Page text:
A Complete Journey of Cotton to Denim Fabric

Have you ever thought about why denim is blue on one side and white on the other? Or why the color changes when you wear and wash your jeans?

Maybe you’ve noticed that the legs of your jeans sometimes twist a little? And you’ve surely encountered jeans with stretch.

It’s all got something to do with how denim is made in a jeans factory.

It’s a complex process with dozens of steps performed in denim Factory, each of which impacts what the final outcome will look like, how it will feel, and (very importantly) how it fades.

When you break it down, though, you get five main stages: raw materials, spinning, dyeing, weaving, and finishing.

1: Raw Materials

The first stage of making denim is raw material. And denim is (mostly) made from cotton; a natural fiber that comes from the cotton plant. It’s well-suited for garment production because it’s comfortable, breathable and durable.

Once harvested, the jeans manufacturers send raw cotton through the ginning process at the cultivation site. This separates the fibers from the seeds. Cotton’s quality is based on a set of physical properties, including staple length, fineness and maturity (known as micronaire), strength, and color.

2: Spinning

Spinning is the process of turning fibers into yarn. It’s all about making the raw material fibers parallel, and then twisting them. To make stretch denim, denim manufacturers need to add a synthetic elastomer to the yarn in the spinning process, and you get the best result with ring spinning. That’s because the stretch is spun directly into the core of the yarn with the cotton wrapped around the elastomer. This way, you maintain the soft touch and fading capabilities of cotton, while adding stretchability.

3: Dyeing

Dyeing is where the yarn gets its color. It’s done by soaking the yarn in a liquid that contains a dyestuff. The classic kind of denim that is blue on the outside and white on the inside is ‘yarn dyed’—meaning only the warp yarn is dyed. The original blue color comes from indigo. It’s one of the oldest dyestuffs still in use today; a 6000-year-old scrap of fabric dyed with indigo was found in Peru. Indigo used to be ‘natural’ as it was made from plants. To get the dyestuff onto the yarn or the fabric, it’s solubilized in water. When the yarn or fabric is pulled out of the dyeing vat, the oxidation process binds the color to the fibers of the yarn. But the color doesn’t reach the core of the yarn, and the dyestuff only binds externally. This gives what’s known as a ring dye effect. And that’s what makes jeans fade. As the dye slowly wears and washes off, the undyed core appears.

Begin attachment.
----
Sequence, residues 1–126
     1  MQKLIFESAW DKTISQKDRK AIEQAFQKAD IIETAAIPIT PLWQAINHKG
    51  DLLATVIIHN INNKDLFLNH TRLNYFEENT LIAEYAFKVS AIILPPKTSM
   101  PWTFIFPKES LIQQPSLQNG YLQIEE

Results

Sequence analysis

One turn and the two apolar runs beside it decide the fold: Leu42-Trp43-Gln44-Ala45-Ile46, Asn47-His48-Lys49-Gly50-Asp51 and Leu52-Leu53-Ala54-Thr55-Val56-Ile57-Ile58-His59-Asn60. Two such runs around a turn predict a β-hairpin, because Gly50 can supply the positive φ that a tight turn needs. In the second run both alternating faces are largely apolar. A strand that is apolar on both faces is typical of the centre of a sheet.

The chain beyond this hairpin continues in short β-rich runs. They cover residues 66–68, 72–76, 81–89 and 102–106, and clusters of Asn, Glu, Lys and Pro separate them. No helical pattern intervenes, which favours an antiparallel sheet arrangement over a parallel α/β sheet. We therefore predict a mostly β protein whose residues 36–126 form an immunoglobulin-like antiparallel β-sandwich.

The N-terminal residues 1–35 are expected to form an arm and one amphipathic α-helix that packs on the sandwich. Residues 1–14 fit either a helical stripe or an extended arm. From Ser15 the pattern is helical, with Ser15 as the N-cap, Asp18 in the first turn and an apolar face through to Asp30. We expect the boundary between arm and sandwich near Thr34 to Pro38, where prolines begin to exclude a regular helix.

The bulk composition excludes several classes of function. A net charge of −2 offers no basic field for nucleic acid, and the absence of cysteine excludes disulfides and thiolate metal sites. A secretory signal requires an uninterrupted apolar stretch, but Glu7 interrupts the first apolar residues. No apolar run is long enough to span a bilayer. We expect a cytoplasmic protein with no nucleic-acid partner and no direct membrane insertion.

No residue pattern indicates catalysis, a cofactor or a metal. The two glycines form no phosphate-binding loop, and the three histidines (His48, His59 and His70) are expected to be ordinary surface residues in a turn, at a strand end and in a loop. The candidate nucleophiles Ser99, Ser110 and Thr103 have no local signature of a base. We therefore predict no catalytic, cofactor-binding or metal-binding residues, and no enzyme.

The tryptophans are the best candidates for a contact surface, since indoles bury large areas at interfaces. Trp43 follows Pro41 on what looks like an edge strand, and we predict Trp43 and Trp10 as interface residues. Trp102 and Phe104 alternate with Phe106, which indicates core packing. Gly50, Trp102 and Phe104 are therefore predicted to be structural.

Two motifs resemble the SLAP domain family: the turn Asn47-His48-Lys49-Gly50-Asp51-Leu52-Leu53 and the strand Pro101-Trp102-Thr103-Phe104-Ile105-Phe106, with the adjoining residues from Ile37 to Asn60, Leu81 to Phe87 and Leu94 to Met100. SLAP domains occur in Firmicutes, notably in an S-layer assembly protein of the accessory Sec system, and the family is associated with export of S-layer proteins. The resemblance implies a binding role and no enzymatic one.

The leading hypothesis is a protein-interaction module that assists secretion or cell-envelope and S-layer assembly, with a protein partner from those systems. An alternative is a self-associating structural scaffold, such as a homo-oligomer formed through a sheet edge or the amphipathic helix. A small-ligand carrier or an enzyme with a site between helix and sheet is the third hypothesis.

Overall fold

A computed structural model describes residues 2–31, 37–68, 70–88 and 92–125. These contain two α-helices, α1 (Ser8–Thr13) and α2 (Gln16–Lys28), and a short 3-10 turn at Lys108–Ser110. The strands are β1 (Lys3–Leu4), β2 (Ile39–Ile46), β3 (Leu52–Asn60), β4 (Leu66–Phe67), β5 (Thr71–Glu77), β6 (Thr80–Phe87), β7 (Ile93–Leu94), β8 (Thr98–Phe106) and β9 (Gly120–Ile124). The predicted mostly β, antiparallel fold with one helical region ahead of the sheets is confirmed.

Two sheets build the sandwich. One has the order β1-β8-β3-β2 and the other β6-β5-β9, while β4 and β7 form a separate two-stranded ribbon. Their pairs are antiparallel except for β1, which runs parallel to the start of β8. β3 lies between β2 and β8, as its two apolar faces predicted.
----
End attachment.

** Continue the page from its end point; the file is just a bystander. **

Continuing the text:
4: Weaving

Weaving is the process of turning yarn into fabric. Two sets of yarn are interlaced at a 90° angle. For classic denim that’s mainly blue on the front and mainly white on the back, the weft yarn that runs across is undyed, and warp yarn that runs downwards is dyed. Denim belongs to the twill family of weaves. The most common type of denim is a 3×1, which has three warp yarns for each weft yarn on the front of the fabric, and a diagonal twill line that runs either to the left or the right.

You’ve surely heard about selvage denim. It’s the original way of weaving denim; connoisseurs prefer it for the great fades it yields, which is a result of the slower speed it’s woven at. It’s valued for its aesthetics and its history. To weave, you need three motions: shedding, picking and battening. In terms of production of selvage denim, where it differs from modern denim weaving is the picking. The relatively slow speed of this process is why modern high-speed looms were invented.

5: Denim Fabric Finishing

The last stage of making denim is fabric finishing. Put simply, a fabric finish is a treatment that changes the appearance, the touch, or the performance of the jeans fabric.

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